First I was amused. Then I thought, How would she know what middle class people do? She's never met one except to shake hands. It reminded me of a moment in Murder in Provence, where Roger Allam, playing a French detective in the Police Justiciaire in a very English way, leans over in bed, pecks his wife on the cheek, and says, "Night night. Love you—as the Americans say." That was funny too. But does it really make us hopelessly banal to express our love verbally on a daily basis? Not to guilt-trip Roger Allam or the Queen (or their clever British scriptwriters), I've done it ever since 911.

It is readily apparent, as we watch the royal family live their lives in the spacious environs of Buckingham Palace, Windsor Castle, Kensington Palace, and their other stately dwellings amid beautifully landscaped grounds, why the middle classes commit murder over love while royalty does not. Space and money make quite a difference. I enjoyed the divorce episode in which several ordinary couples who've applied for their divorce decrees explain their irreconcilable differences. Then comes a scene in which Charles and Diana, attempting to have a moment of amicable closure, can't help turning it into yet another squabble. But they do it with plenty of room to get away from each other. Kensington Palace Green and Kensington Gardens stretching away beyond the palace give them a huge bubble of peace and privacy. The settlement at issue is a matter of millions of pounds. They don't even have to attend the divorce decree hearing personally.

How many of the murders we write in which love turns to hate take place when the characters are cooped up together with no place to go and one or both of them don't have the financial means to start over?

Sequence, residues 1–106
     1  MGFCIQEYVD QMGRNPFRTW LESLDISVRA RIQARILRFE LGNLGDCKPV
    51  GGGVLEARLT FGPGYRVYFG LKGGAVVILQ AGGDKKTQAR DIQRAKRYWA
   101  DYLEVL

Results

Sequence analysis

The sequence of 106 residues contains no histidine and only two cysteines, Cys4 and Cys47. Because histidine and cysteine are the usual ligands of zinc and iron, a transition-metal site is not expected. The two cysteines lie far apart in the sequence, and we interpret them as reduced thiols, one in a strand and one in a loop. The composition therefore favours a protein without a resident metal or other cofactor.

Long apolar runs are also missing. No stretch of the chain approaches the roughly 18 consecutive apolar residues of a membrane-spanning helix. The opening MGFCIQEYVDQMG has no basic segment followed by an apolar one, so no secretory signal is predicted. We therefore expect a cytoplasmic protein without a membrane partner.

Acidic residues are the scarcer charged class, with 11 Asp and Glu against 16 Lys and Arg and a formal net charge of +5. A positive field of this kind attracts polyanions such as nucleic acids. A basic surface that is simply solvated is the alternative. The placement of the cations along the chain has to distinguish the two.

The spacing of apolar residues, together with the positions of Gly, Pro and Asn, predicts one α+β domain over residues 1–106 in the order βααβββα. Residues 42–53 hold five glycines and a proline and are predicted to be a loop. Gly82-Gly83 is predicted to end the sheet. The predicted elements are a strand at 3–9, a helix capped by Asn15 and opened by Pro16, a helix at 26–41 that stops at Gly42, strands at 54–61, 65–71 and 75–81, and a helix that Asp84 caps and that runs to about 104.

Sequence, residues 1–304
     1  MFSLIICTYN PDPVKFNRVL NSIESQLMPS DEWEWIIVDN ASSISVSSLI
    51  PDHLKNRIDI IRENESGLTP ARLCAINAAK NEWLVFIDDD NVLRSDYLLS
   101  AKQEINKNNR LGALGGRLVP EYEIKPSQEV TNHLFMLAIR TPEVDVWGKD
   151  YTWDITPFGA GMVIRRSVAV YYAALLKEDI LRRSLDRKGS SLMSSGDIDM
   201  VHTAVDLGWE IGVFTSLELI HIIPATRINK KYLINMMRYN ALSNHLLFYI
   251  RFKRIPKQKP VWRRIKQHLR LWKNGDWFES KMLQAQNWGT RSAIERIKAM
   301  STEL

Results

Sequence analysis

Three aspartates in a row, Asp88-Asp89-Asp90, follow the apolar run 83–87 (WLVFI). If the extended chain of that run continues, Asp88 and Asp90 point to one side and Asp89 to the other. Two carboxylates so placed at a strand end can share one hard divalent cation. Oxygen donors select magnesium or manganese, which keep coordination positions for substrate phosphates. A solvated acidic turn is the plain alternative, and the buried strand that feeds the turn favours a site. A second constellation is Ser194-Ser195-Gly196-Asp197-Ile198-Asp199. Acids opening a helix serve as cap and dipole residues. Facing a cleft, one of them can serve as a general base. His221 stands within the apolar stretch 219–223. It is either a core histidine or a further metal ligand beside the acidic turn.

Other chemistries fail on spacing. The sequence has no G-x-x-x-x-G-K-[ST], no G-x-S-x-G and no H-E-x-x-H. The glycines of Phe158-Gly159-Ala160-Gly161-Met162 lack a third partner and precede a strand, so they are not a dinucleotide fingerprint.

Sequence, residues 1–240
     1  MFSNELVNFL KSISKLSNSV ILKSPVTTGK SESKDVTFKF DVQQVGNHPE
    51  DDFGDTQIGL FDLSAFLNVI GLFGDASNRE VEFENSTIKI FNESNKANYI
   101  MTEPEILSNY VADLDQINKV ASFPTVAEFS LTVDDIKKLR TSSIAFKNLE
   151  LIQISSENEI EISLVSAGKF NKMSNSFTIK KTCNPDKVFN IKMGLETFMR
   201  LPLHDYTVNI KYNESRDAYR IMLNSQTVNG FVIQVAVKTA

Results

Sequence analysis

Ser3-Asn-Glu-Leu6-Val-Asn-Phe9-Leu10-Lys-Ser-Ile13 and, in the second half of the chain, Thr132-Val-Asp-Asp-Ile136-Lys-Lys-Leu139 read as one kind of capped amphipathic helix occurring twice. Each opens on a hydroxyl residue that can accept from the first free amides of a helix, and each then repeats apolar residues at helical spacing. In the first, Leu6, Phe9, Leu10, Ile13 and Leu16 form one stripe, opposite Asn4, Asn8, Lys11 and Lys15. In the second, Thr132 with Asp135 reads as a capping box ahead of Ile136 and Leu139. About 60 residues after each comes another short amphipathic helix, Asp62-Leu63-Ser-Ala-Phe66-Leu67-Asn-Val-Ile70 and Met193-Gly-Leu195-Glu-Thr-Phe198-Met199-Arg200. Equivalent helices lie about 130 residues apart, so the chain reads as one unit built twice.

1. Well, being trapped with someone is one reason for murder - but I think infidelity and control are the main two reasons for spouse murder.
    BTW, I totally agree about "The Daughter of Time". Wonderful book; indeed, I think the best Tey ever wrote.

    1. My favorite Tey is Brat Farrar, though many agree with you. As I watched The Crown, I was struck by the difference in motivation between royalty and ordinary people as well as between ancient and modern kings—though we're still going to Shakespeare plays and writing about old-fashioned kingship in the fantasy genre as if it still existed.

  2. I’m reading along, minding my own business, when whap! I get hit with the name Josephine Tey. It yanks me back decades to middle school when I was devouring English mysteries. Back then, I thought her surname was unusual and even now, I wonder how she derived it. I don’t recall titles as much as plots, but I was impressed enough to remember. Another visit to my library lies in the offing.

    I haven’t seen The Crown, Liz, but I enjoyed your history lesson. Well done.

  3. Tey was a pseudonym, and her nine mysteries are classics, Leigh, all still available and well worth re-reading.


Welcome. Please feel free to comment.

Our corporate secretary is notoriously lax when it comes to comments trapped in the spam folder. It may take Velma a few days to notice, usually after digging in a bottom drawer for a packet of seamed hose, a .38, her flask, or a cigarette.

She’s also sarcastically flip-lipped, but where else can a P.I. find a gal who can wield a candlestick phone, a typewriter, and a gat all at the same time? So bear with us, we value your comment. Once she finishes her Fatima Long Gold.

You can format HTML codes of <b>bold</b>, <i>italics</i>, and links: <a href="https://about.me/SleuthSayers">SleuthSayers</a>